> domain with fixed latitude / longitude coordinates and I want to > downscale the data from that outer domain onto a finer inner domain > which is contained inside of the outer domain. > > All the interpolation that I see seeing is to interpolate randomly > spaced data onto a fixed grid. I am looking to reproject data from > and to fixed grids. Ideally a function that looks something like: > > z_fine[x_fine|:,y_fine|:] = interp2d(x[:], y[:], z[x|:,y|:], > x_fine[:], y_fine[:]) > > I am very surprised that I can't find a simple function to do a very > quick bilinear interpolation. It seems like a very basic operation > for gridded data. If Robert's interpretation of your inputs are correct, it seems then like you have only some minor rearranging of arrays in order to use ndimage.map_coordinates to perform precisely this task. map_coordinates takes i,j coordinates in terms of the original array indices, but given your coordinate arrays it should be pretty trivial to reformulate your request in terms of (fractional) i,j positions in the original array, right? You can do this in 1D easily for the x and y coordinate axes, and then just repeat these values to make the appropriate coordinate array for map_coordinates. (I can provide more details if desired.) Also, map_coordinates has various boundary conditions (constant, mirror, and edge-clamp), which are often useful. Zach > > On 2/17/11 1:41 PM, Robert Kern wrote: >> On Thu, Feb 17, 2011 at 12:36, Zachary >> Pincus<[hidden email]> wrote: >>>> I am looking for a (fast as possible) way to interpolate my data >>>> from a coarse to fine grid where the limits may not match. Bilinear >>>> interpolation is fine. >>>> >>>> I saw ndimage.map_coordinates but it seems to want i,j coordinates >>>> whereas I have 1D lat,lon coordinate arrays. >>>> >>>> Input: coarse and fine 2D arrays with 1D coordinate arrays >>>> >>>> Output: data from coarse grid interpolated onto the fine grid >>> I'm not sure if I understand the request -- what are the 1D >>> coordinate >>> arrays for? If you have data on a coarse 2D grid and have a fine 2D >>> grid defined, doesn't that alone specify the interpolation? >> The 1D coordinate arrays are defining the grid points for each axis. >> E.g. given a 2D array C and the 1D arrays x_coord, y_coord, the data >> value at C[i,j] will have the "real-world" location x_coord[j], >> y_coord[i]. >> > <bwoods.vcf>_______________________________________________ > SciPy-User mailing list > [hidden email] > http://mail.scipy.org/mailman/listinfo/scipy-user _______________________________________________ SciPy-User mailing list [hidden email] http://mail.scipy.org/mailman/listinfo/scipy-user |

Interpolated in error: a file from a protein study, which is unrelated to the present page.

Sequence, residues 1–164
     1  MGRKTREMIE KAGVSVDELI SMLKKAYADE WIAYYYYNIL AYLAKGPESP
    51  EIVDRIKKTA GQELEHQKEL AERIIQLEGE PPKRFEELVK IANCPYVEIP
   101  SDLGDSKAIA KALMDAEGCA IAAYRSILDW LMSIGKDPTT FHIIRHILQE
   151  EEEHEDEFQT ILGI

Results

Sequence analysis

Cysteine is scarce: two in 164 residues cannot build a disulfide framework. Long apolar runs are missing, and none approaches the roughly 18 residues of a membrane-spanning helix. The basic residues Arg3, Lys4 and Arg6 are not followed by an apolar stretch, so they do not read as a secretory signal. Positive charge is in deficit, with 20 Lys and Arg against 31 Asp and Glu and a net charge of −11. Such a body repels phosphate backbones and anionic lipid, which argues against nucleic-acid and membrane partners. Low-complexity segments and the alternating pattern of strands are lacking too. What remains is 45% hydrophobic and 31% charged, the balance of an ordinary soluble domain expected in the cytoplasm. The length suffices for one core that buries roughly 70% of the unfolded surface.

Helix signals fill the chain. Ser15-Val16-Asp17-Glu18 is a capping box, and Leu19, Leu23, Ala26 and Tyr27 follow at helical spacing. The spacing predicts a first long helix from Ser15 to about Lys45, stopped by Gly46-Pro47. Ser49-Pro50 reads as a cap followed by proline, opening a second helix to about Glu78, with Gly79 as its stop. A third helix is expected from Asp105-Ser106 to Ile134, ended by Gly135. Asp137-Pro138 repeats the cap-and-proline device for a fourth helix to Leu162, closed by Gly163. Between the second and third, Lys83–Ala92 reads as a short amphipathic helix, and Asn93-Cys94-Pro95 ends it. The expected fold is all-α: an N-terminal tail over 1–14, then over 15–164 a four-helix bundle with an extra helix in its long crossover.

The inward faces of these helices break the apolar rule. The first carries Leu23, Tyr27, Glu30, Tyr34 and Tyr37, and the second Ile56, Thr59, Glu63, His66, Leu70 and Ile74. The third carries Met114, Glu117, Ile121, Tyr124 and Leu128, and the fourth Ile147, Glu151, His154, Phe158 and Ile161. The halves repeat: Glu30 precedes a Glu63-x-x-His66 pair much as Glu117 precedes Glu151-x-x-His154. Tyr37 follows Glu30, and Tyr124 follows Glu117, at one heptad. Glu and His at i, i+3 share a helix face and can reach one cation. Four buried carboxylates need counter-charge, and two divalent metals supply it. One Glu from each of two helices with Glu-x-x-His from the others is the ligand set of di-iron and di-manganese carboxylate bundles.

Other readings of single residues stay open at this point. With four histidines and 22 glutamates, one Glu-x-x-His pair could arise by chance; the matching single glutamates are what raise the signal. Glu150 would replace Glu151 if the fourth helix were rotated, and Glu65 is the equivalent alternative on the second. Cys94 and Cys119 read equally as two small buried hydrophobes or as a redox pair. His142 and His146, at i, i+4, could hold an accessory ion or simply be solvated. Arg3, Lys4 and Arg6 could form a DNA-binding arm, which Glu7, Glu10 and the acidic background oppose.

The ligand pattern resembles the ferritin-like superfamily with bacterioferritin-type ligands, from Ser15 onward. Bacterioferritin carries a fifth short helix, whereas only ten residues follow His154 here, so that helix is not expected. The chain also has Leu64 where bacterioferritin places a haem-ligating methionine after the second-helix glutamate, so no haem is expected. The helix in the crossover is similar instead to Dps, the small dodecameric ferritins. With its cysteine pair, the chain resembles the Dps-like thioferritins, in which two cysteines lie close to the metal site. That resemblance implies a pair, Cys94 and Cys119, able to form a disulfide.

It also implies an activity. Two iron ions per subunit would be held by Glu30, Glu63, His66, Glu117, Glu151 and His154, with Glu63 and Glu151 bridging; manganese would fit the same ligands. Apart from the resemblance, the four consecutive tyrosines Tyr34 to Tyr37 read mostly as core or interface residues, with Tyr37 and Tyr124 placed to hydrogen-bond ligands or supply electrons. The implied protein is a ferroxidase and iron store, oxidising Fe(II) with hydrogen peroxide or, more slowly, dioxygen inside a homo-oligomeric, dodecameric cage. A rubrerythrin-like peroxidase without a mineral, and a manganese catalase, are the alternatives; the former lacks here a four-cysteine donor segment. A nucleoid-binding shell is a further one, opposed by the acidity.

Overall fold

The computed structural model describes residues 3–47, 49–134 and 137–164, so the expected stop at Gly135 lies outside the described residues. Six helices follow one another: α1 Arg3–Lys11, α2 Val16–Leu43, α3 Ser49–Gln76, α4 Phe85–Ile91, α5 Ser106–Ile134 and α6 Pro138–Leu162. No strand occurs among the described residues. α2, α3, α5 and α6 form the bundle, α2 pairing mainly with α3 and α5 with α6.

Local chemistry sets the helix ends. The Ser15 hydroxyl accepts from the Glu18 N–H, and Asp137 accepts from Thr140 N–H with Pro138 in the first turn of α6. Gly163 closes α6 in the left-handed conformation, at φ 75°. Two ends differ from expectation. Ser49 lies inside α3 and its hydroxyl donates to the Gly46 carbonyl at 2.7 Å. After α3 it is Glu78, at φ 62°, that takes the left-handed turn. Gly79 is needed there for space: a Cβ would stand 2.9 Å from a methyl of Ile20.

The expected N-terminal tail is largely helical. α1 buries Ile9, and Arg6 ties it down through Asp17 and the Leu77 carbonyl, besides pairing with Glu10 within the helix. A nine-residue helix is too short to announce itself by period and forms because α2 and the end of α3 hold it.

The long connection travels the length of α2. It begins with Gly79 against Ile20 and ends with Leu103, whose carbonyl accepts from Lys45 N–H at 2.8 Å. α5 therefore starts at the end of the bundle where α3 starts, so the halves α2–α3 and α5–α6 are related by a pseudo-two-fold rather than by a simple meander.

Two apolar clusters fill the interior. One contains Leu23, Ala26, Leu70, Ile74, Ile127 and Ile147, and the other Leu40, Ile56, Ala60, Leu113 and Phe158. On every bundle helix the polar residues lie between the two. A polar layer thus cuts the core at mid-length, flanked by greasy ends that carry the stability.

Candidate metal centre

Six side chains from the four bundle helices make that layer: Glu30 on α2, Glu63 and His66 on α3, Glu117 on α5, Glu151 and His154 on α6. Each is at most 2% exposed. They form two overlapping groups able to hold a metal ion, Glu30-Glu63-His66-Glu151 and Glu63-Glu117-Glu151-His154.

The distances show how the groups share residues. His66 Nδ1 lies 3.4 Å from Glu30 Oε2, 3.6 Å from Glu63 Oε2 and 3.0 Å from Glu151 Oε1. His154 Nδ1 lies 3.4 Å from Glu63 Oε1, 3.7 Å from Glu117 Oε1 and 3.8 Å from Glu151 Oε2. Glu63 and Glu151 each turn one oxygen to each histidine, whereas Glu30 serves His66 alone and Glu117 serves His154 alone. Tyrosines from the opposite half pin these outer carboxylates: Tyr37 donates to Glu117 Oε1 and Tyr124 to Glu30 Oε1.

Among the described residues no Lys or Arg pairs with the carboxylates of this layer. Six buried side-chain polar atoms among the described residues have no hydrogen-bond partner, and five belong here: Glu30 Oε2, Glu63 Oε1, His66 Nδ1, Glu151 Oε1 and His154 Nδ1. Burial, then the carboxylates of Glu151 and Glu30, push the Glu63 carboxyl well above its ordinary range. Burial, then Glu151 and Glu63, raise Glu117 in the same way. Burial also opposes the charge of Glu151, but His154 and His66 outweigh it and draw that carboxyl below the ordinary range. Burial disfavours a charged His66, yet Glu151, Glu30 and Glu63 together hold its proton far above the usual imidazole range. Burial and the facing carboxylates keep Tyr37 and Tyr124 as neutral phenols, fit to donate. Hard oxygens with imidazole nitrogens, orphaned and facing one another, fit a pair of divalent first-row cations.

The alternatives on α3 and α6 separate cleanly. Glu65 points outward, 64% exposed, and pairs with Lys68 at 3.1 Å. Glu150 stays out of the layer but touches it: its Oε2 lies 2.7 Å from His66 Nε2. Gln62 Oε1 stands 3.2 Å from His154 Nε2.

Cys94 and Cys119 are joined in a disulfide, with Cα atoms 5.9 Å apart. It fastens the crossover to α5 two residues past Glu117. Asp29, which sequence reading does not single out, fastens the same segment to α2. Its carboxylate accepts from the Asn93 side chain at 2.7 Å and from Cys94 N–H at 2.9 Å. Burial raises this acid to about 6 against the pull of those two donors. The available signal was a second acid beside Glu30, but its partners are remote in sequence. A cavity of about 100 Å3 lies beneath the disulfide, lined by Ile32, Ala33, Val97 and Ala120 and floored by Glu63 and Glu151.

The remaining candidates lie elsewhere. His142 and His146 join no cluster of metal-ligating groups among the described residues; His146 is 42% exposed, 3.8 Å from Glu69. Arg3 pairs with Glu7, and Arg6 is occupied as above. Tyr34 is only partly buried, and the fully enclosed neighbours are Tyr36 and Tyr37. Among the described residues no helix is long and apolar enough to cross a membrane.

In reply to this post by Bryan Woods-3
On Thu, 17 Feb 2011 13:51:55 -0500, Bryan Woods wrote:
> Yes. > > The idea is that I am using a nested model where I have an outer domain > with fixed latitude / longitude coordinates and I want to downscale the > data from that outer domain onto a finer inner domain which is contained > inside of the outer domain. > > All the interpolation that I see seeing is to interpolate randomly > spaced data onto a fixed grid. I am looking to reproject data from and > to fixed grids. Ideally a function that looks something like: > > z_fine[x_fine|:,y_fine|:] = interp2d(x[:], y[:], z[x|:,y|:], x_fine[:], > y_fine[:]) Yes, we have something like this, but apparently it isn't listed in the docs (aargh!). Try # some random data from numpy import * x = linspace(0, 1, 20) y = linspace(0, 3, 30) z = sin(x)[:,None] * cos(y)[None,:] x_fine = linspace(0, 1, 200) y_fine = linspace(0, 3, 140) from scipy.interpolate import RectBivariateSpline interp = RectBivariateSpline(x, y, z) z_fine = interp(x_fine, y_fine) _______________________________________________ SciPy-User mailing list [hidden email] http://mail.scipy.org/mailman/listinfo/scipy-user |